Car buyers are able to choose from an expanding variety of energy-efficient vehicles at their local dealer. Joining the ranks of hybrid vehicles will be plug-in hybrids (PHVs) and fully-electric cars (EVs) in many shapes and sizes. While some people are excited about the emergence of these new automotive technologies, others invariably make the argument that these cars are “not worth it” and cite the differential cost of the vehicle compared with the projected gas savings they provide. I contend that unless you are thinking of buying one of these cars strictly as a cost-savings measure and for no other reason, then this argument is simply specious.
The reason I say this is that the amount of money any of us spends on a car is primarily a matter of personal taste and preference and has very little to do with the intrinsic value of the vehicle. If all car-buying decisions were to be made strictly on utilitarian/economic grounds, most of us would be driving bare-bones little imports that cost $9,000, or better still, 10-year old little imports that we paid $9,000 for at the turn of the century.
Instead, some of us will spend $40,000 to get the feeling of safety in owning a Volvo, some will spend $90,000 to own the fabled engineering of a BMW 7 series, some will spend $60,000 to get 556 horsepower in a Cadillac CTS-V -- or to look really cool in a Corvette t-top or maybe just to look successful in any number of luxury cars. A (very) few of us will cough up $450,000 for a Lamborghini Mucielago so we can go from 0 to 60 mph in 3.2 seconds (and get 9 miles per gallon doing it.) Certainly many would say that spending that kind of money on a car is an unnecessary extravagance, but for those that buy such vehicles, they feel their money is well-spent.
Fans of hybrid cars brag about their great gas mileage; detractors point out that hybrids cost much more than their standard internal combustion counterparts.
New technologies for fuel efficiency generally inflate the price tag for vehicles. For example, to gauge the price of hybrid technology, there are cars on the market that are available both in standard versions and as hybrids. Examples are the Ford Fusion, the Toyota Camry, the Hyundai Sonata and the Honda Civic. Getting the hybrid typically adds $3000-4000 to the sticker price, but improves mileage by as much as 50% for city driving. That’s a significant amount of foreign oil you don’t have to buy.
Continuing with hybrid technology, there are cars that are only available in hybrid models such as the Toyota Prius, Honda Insight and the Lexus HS. The Prius has led the pack in gas mileage for years; most drivers get at least 50 mpg and some far better. But this comes in a more idiosyncratic package that for some people is really cool but for others is a little weird. As for the price, it is not as clear what car to compare the Prius to. Perhaps the fairest criticism is that it is a bit pricey for its size.
Hybrid cars are costly primarily because of the exotic batteries required for the hybrid drive. Plug-in hybrids and electric cars have even more exotic and much larger battery systems and consequently higher costs. Thus the Chevrolet Volt (which is really an electric car that includes a gasoline-powered generator to recharge its battery) and the soon-to-be released Toyota Plug-In Prius are $40,000 cars. Small electric vehicles such as the Nissan Leaf (in the mid-$30’s) and the 2013 Chevy Spark (price unknown but presumably comparable to the Leaf) command premium prices for eliminating the internal combustion engine and its carbon-filled exhaust. The forthcoming Tesla Model S luxury sedan will cost from $57,000 to $77,000 depending upon the driving range of the car (in other words, the configuration of the battery pack.)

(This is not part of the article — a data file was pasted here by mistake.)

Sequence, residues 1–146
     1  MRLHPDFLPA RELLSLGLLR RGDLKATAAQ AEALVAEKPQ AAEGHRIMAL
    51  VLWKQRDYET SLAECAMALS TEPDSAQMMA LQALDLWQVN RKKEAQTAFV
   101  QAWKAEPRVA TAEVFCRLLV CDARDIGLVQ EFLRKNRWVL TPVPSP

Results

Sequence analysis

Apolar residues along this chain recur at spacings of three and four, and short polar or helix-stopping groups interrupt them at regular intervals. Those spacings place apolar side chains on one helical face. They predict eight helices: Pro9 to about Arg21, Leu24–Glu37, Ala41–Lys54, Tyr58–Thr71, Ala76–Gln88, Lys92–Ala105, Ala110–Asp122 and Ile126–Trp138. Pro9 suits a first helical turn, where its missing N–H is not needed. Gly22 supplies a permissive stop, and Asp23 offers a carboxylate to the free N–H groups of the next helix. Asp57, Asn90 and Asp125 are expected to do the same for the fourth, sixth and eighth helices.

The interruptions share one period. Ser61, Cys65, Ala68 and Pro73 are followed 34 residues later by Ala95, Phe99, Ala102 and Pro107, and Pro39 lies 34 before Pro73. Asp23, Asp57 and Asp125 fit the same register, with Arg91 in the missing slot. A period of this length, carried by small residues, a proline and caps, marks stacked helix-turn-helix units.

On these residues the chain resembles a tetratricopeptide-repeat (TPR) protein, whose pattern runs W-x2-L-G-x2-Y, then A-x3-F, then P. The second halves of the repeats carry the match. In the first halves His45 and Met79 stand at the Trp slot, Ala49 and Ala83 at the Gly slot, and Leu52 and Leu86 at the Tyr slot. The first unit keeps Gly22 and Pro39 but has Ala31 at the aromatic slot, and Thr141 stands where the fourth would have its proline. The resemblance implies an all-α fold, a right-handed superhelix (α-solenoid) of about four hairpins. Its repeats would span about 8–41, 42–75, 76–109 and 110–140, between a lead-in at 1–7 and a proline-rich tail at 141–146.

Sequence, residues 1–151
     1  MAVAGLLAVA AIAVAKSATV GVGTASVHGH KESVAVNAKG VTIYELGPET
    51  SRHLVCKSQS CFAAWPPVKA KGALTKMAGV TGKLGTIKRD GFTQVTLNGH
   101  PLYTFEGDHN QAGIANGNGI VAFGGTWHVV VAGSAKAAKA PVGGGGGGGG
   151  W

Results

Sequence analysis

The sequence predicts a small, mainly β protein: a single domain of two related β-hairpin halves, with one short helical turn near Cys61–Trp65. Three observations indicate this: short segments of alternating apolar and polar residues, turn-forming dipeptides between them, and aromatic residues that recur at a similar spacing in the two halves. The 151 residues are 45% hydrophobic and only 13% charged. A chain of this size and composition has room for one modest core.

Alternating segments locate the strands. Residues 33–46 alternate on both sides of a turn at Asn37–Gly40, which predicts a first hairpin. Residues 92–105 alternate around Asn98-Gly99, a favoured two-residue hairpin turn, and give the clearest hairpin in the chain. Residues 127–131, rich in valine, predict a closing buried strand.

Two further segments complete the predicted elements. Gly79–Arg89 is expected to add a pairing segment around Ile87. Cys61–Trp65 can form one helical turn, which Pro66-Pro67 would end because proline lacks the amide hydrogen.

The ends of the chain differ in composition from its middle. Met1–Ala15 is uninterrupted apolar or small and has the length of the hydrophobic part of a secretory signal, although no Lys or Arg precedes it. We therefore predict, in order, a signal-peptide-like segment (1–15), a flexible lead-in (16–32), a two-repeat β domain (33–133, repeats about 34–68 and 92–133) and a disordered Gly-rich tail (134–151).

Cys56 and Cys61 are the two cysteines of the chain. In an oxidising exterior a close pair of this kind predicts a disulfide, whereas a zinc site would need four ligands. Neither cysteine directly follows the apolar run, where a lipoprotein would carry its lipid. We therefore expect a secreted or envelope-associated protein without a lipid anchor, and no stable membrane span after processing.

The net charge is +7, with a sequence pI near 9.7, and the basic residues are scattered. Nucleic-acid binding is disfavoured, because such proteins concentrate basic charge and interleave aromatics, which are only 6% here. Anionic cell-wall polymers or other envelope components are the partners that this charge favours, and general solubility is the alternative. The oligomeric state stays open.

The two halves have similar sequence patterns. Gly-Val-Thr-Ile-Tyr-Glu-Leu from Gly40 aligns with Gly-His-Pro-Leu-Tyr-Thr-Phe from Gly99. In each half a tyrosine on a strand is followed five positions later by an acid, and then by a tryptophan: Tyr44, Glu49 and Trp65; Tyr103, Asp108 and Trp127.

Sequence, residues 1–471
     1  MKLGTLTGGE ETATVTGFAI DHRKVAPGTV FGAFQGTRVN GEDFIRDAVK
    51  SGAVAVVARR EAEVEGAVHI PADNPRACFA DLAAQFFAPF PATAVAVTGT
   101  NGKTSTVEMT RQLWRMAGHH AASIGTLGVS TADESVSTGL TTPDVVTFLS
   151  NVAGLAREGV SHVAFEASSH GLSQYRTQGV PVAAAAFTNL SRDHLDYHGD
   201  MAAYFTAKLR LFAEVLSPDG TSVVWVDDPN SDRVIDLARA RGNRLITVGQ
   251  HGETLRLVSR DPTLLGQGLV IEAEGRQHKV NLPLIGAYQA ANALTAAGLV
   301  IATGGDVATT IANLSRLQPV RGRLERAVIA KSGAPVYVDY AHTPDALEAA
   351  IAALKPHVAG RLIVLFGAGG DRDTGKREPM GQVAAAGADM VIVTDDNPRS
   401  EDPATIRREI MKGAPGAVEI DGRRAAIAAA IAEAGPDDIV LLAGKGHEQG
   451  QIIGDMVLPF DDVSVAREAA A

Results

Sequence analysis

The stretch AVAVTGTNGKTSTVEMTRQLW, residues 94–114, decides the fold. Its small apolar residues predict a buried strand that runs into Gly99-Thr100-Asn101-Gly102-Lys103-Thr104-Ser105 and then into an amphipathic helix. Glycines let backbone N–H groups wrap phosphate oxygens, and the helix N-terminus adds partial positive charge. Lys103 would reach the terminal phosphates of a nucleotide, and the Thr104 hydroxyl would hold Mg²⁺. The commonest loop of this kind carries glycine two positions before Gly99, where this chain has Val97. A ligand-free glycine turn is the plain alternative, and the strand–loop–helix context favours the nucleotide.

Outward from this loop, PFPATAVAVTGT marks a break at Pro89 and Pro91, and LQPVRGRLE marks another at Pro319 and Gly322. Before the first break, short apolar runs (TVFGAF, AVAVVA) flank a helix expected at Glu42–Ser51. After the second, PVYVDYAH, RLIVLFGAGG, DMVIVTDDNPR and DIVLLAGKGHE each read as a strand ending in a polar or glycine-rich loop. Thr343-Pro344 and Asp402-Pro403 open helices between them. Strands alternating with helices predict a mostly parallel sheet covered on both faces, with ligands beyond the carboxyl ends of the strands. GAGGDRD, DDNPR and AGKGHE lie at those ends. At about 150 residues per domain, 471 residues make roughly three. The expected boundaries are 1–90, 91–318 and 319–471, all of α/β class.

Are these fuel-efficient cars worth the extra money? Perhaps the answer to that question is to ask whether any special attribute of an automobile is worth what it costs. We replace our cars for many reasons that often include the desire for features our current car lacks. We pay for power, for luxury, for roominess, and for sex appeal. Getting excellent gas mileage (or perhaps eliminating the use of gasoline entirely) is a completely reasonable feature to pay for in a car. Objectively, from a strictly financial perspective, it probably does not make sense to replace a car simply to get better mileage. However, there are other reasons to do so such as the desire to be environmentally responsible or perhaps to make a personal statement. Like most things about a car, high gas mileage is a feature that costs money. Whether it is worth the price is mostly a matter of personal values. But if you think about it, high mileage is probably the only automobile feature that gives you any return on your money at all once you’ve paid for it.
As “green” vehicles increasingly enter the marketplace, there is the continuing onslaught of naysayers saying that these cars are “too expensive”. What this really means is that for these people, things like energy efficiency, environmental responsibility and an aversion to buying foreign oil don’t rate much of a price tag. To each his own.
Randy Simon has over 25 years of experience in renewable energy technology, materials research, superconducting applications, and variety of other technical and management areas. He has been an officer of a publicly-traded Silicon Valley company, worked in government laboratories, the aerospace industry, and at university research institutions. Dr. Simon has authored numerous technical papers, magazine articles, a book, holds seven patents and also composes and arranges jazz. He lives in Schenectady, New York and can be reached by email.